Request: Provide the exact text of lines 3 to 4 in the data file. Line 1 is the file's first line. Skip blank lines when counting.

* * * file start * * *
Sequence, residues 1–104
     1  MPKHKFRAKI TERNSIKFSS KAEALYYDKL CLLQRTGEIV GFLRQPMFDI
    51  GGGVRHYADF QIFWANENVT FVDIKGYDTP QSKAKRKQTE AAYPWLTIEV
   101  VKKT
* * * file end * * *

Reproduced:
    51  GGGVRHYADF QIFWANENVT FVDIKGYDTP QSKAKRKQTE AAYPWLTIEV
   101  VKKT